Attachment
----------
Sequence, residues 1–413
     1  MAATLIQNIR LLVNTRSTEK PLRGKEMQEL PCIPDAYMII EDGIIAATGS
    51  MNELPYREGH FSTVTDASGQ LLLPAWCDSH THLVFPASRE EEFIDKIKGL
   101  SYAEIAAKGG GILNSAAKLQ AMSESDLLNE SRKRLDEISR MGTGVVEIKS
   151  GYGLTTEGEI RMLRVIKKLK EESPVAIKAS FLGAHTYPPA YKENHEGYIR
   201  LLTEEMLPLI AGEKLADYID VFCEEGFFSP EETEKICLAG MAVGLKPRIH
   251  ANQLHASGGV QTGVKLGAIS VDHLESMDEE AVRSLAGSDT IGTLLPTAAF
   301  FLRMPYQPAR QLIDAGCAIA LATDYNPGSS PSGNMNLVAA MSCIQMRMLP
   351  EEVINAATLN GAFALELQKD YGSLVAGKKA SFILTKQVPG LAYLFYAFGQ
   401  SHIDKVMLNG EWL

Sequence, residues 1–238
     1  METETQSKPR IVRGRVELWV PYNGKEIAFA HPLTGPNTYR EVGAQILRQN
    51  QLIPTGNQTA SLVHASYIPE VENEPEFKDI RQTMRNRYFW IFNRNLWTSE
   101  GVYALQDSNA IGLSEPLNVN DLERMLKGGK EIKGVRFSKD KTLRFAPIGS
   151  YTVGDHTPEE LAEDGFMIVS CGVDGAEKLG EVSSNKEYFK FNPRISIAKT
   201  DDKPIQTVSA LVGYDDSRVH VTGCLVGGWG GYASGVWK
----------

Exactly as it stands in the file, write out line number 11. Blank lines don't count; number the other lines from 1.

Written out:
Sequence, residues 1–238